JThose who love Glastonbury say that walking through the doors of the festival is like leaving the real world behind. And, for many, this year’s festival was a belated opportunity to forget about the cost of living crisis and shell out £10 bucket hats, £6 pints and £14 lobster rolls .
As the first Glastonbury since 2019, this year’s event always seemed to feature a certain extravagance, despite taking place against the backdrop of the biggest drop in living standards since the 1970s. The majority of the 138,000 This year’s festival-goers bought their tickets for £285 in 2019, when the only inflation troubling campers was related to their air mattresses.
“Generally people seem to be throwing caution to the wind and thinking ‘I’ll worry about it when I get home,'” John Fraser, 54, said as he enjoyed a can of cider with his breakfast on Saturday. morning.
The cheapest pint this year is £6 – about the same as in London’s trendiest parts – while a double vodka and Coke costs £10.50. Prices have risen since 2019, although it is one of the few UK festivals to allow people to bring their own alcohol, with many carrying cases of lager and bags of wine to see during the five days.
Enjoying a breakfast in the sun near the BBC intro stage, Lily Moore, 26, said she had put savings aside for the festival and hadn’t spent as much as she had foreseen it. “I’ve never been to Glastonbury before but it costs around £10-11 for a meal,” she said. “I haven’t heard anyone say ‘I’m really struggling to pay for stuff’. I think we’ve waited so long for them to be buzzing here.
At Funky Bumbags, owner Rick Lomas was doing a roaring trade in one of this year’s must-have accessories: bucket hats emblazoned with the Rick and Morty “Flip the pickle” line.
Lomas, 65, sells fanny packs, bucket hats and sunglasses at 12 festivals each year, but Glastonbury is still the busiest. Soaring fuel prices will eat into profits, he said, but there were few signs ordinary festival-goers were feeling the pinch. “Glastonbury are middle class now, and those are the people who haven’t really been hit that hard,” he said.
The only limit to people’s willingness to spend seemed to be the temperamental card machines, which meant that many bars and stalls could only accept cash for much of the festival. It was a double whammy for businesses, Lomas said, because people are more careful about how they spend money than contactless — if they even have cash on them in the first place.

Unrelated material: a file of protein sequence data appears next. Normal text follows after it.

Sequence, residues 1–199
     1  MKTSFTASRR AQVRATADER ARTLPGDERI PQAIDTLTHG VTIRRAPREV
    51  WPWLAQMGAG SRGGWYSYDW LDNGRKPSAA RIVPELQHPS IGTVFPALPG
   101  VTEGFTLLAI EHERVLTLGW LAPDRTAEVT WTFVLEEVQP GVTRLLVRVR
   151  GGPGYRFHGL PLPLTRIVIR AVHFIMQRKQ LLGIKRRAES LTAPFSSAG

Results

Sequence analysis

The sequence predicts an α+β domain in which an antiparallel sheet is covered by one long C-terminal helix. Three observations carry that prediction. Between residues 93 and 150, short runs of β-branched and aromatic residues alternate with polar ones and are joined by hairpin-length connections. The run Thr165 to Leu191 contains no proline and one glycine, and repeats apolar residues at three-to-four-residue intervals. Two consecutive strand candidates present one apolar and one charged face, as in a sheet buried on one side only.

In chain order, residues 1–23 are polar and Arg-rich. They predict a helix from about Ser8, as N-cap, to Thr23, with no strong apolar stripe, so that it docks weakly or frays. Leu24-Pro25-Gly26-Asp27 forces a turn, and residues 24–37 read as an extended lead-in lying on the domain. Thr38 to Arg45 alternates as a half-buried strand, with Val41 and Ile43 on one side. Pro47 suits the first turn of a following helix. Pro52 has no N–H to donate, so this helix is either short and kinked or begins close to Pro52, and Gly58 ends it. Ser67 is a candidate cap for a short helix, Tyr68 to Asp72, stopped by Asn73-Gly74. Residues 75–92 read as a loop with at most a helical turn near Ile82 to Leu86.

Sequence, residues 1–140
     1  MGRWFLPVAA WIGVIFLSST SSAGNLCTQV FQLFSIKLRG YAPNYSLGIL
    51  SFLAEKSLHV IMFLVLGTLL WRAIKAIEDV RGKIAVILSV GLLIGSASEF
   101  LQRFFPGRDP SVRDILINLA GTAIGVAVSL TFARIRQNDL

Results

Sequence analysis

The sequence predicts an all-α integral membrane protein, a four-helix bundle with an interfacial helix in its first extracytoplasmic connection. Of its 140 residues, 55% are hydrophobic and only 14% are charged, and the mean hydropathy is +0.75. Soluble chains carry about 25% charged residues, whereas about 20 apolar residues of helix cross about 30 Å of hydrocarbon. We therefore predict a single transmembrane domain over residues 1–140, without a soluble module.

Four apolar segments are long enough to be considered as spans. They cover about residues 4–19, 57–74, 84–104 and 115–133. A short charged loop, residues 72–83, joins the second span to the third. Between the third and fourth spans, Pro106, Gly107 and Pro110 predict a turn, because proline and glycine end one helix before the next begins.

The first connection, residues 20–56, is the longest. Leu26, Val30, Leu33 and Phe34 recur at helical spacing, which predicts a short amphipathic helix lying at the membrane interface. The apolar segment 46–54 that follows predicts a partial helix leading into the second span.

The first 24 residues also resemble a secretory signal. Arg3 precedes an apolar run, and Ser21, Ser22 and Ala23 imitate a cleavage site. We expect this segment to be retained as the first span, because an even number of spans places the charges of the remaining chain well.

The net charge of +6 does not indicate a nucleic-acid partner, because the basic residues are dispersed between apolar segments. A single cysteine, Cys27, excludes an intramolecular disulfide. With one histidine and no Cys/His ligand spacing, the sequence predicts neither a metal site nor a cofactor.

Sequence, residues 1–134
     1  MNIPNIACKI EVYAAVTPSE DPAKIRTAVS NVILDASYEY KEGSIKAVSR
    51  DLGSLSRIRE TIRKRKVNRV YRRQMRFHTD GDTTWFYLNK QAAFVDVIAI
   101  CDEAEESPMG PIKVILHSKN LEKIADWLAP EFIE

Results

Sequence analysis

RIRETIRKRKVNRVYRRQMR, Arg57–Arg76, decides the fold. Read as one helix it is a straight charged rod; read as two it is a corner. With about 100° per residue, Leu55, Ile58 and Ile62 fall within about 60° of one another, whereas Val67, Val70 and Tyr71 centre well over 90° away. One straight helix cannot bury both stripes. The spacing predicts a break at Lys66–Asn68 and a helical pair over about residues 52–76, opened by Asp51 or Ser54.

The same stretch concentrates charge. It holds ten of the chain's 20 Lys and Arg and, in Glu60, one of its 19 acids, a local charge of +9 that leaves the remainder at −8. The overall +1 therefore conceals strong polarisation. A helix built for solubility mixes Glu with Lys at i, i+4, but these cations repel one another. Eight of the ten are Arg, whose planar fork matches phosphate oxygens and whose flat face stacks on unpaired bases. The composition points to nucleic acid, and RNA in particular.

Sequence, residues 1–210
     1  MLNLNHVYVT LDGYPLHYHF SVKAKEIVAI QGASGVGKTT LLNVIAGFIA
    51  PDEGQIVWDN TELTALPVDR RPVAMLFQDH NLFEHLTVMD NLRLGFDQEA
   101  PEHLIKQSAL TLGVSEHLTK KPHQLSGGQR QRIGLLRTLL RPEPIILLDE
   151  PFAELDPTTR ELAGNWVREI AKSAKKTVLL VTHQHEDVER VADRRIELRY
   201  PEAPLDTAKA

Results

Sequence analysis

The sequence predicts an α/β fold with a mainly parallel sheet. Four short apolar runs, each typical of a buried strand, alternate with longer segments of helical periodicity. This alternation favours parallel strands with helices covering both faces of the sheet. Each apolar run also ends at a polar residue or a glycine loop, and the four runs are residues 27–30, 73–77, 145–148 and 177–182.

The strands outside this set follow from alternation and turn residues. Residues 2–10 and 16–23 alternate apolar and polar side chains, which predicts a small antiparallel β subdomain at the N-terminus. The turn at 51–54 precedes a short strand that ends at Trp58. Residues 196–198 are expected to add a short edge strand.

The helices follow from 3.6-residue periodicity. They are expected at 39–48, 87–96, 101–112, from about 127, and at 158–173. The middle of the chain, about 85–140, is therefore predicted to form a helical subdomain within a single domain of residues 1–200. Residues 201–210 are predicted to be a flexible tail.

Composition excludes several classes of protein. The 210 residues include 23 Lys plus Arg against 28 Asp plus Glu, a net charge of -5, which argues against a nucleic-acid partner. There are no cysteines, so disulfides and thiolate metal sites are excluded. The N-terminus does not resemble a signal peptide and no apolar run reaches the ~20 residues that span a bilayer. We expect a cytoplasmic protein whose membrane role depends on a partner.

Iron Maiden lead singer Bruce Dickinson once called Glastonbury “the most bourgeois thing on the planet” and founder Michael Eavis admitted in 2007 that he had become too middle-aged and respectable. A YouGov poll in 2014 found that wealthier people were more likely to want to attend, lending credence to the suggestion that it attracts an older, more middle-class crowd than Download or Leeds and Reading. .
High up near the Glastonbury Stone Circle, those wanting a more boujee festival experience can hire an 18ft teepee. For a group of six adults, it would cost you £2,860 – or £476 each. In the tipi village, campers can enjoy a “luxurious wood-fired yurt sauna” before shopping at a stall selling hand-woven Mexican rugs for £80.
There are ways to do Glastonbury on a budget. Since 2015 the festival has offered ‘food for a five’, where traders sell smoothies, tea and cakes and even a mini Sunday roast for £5. Three-quarters of the site’s 400 catering stands participate in the system.
“It’s significantly more expensive than previous years,” Victoria McBride said, sipping coffee in the sunshine outside the left-field political scene.
“We are looking for the food stickers for a five. Portions are often not as big as the more expensive options, but I guess that means we can try more!
Another way to save money is to join the group of 2,000 stewards and waste pickers. Julie Malloy and Jo Miller are two of 40 members of a litter collection team run on behalf of the Great Wallace and Gromit Appeal at Bristol Children’s Hospital. The pair pay for 50% of their tickets and the charity receives the remaining 50%, which Miller says “shows how brilliant Michael Eavis is at giving back.”
They receive food tokens in exchange for their work, but have also brought some of their own supplies. “The vibe is one of community and kindness, not greed, and that makes it different from so many other festivals,” Malloy said.
Alex Taylor, 23, said he heard punters talking about the price of food and drink – and even spotted a flag saying: ‘I had to downsize my flag this year due to the cost of living .
He added: “You can budget the festival. Once you find cheap places, you know where to go. We bought our tickets two years ago before it all blew up.
At Funky Bumbags, Lomas said he was happy with the recipes this year, but feared he would feel the pain next year: “For the majority of people now, Glastonbury is their holiday. They don’t go to Ibiza or Benidorm anymore. But next year is when it will really start to bite.